Christina continues her educational pursuits, and is a recent graduate of "Leadership Palm Beach County," which kept her up to date on the latest trends in philanthropic and non profit leadership. This is especially important for those as involved in their communities as she is. She volunteers and has served on numerous committees for The Flagler Museum, March of Dimes, Historical Society of Palm Beach County, the Ryan Licht Sang Bipolar Foundation, and the Association of Fundraising Professionals. Presently, Christina performs research and writing for Women Corporate Directors, the only global membership organization of women corporate directors which serves as a catalyst for thought leadership and networking.

In addition to serving on his high school’s alumni board and helping to recruit great students to AU, Ben founded a local publication, Palm Beach Philanthropy, to showcase and educate the public to the diverse causes being supported right in their backyard. While philanthropy has always been a passion and a practice for the Macfarlands, Ben also puts his MBA to work running a boutique asset management firm that focuses on investing family office and institutional capital into self storage, student housing, and other special situations in real estate. The firm, where Ben serves as a partner and chief investment officer, has successfully acquired over two million square feet of real estate in the last two years.

The Macfarlands' collective energy and productivity is even more impressive in light of the fact they’ve accomplished so much all while raising their blossoming family. While their two young girls are a handful at home, Ben and Christina have a long standing history of supporting each other through thick and thin. While on campus, they could be seen attending a kick-off event to help rally support for Christina’s successful run for Editor-in-Chief of the SPA journal The Public Purpose, and nowadays they work to balance their busy schedules of business and board meetings with family meals and outings. 

Thankfully, the Macfarlands have continued their tradition of support as alumni by hosting the recent event for the South Florida AU Eagle community. As for the beautiful marriage of Ben’s business degree and Christina’s nonprofit policy focus, its power can be encapsulated by an Arthur Fried quote: “Private philanthropy is the last frontier of unconstrained freedom for private action in the public good.” AU is lucky to count this entrepreneurial and philanthropically minded young couple among its alumni family.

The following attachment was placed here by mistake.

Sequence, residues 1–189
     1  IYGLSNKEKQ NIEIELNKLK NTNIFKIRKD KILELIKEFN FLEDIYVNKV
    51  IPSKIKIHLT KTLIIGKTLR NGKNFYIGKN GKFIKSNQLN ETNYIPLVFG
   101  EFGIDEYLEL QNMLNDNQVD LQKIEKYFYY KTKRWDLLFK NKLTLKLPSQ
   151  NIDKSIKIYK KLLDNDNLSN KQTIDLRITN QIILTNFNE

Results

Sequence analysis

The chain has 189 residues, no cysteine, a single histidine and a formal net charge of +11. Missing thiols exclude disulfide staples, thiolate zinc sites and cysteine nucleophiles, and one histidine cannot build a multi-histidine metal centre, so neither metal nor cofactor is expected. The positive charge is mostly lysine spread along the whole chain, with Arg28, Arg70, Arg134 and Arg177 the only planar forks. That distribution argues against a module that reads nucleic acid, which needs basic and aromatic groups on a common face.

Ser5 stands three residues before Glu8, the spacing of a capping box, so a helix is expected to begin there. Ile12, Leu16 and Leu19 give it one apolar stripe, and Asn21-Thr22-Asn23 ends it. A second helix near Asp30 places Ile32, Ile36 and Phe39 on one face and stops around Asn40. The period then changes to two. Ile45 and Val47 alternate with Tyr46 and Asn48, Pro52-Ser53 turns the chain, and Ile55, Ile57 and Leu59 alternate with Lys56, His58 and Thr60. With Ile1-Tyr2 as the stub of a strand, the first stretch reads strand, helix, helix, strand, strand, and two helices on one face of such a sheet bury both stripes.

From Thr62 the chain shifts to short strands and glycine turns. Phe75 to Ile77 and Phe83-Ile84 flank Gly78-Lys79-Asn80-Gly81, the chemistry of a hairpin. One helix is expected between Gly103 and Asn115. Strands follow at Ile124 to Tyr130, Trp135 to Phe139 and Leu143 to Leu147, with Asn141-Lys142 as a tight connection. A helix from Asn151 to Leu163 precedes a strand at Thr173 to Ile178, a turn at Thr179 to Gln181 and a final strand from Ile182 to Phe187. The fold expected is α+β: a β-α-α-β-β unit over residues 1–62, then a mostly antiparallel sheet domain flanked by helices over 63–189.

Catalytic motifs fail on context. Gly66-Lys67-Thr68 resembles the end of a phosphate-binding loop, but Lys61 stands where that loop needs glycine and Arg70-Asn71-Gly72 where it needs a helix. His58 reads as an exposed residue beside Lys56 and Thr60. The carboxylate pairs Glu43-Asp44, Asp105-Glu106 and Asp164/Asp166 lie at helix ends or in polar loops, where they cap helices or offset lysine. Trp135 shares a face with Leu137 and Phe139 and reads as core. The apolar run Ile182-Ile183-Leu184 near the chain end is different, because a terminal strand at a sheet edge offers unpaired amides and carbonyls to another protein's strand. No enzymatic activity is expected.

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Title: Board Member Amy Jones Realized Her Dream of Working on the Hill
Author: Rebecca Vander Linde
Subtitle:
Abstract: After getting two AU degrees, Amy has her dream job overseeing the House’s education policies.
Topic: Alumni Profile
Publication Date: 05/15/2014
Content:

“I am slightly unusual among many of my friends in that I am doing exactly what I’ve wanted to do since sixth grade,” says Alumni Board member Amy Jones, SPA/BA ’99, WCL/JD ’03. Her sixth grade social studies teacher and a family trip to Washington, D.C. convinced a young Amy that she wanted to work on Capitol Hill one day. “I came to AU for college and law school because I felt it was the best place to study that would expose me to politics and Capitol Hill,” she says.

After earning both her bachelor’s and law degrees from AU, Amy’s dreams came true, and she landed a job on the Hill. She now serves as director for education and human services policy for the majority staff on the Committee on Education and the Workforce in the U.S. House of Representatives. In this role, she oversees the House’s education policies.

Amy says the most rewarding part of her job is knowing that “the policies we are pursuing will help others, particularly the underserved, be able to access and achieve their postsecondary [education] goals,” adding, “I love the energy and the quick pace on Capitol Hill. There is always something interesting happening.”

A visit to campus on Accepted Students Day convinced Amy that AU was the right choice for her. “AU was close enough to the city that I knew there would be a lot of different things to do and see, but it also had the benefit of having a more enclosed campus, which I really liked,” she says. “And I liked my undergraduate experience so much, that I went to WCL for law school.”

As an AU student, Amy was involved in numerous activities. “I participated in the Freshmen Service Experience, played lacrosse during my freshman and sophomore years, worked at the front desk of McDowell Hall, studied abroad in London for one semester, interned on Capitol Hill, and worked at a few different law firms because I was trying to decide if I wanted to go to law school,” Amy recalls.

Of her time on the American University Alumni Board, Amy says, “I have thoroughly enjoyed my service on the AU Alumni Board and becoming a more engaged alumna over the past several years. I am continually amazed by the students attending AU now and love being able to serve as a mentor or resource to them.”

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Title: Alumni Board Member Joe Vidulich is Always an Eagle
Author: Rebecca Vander Linde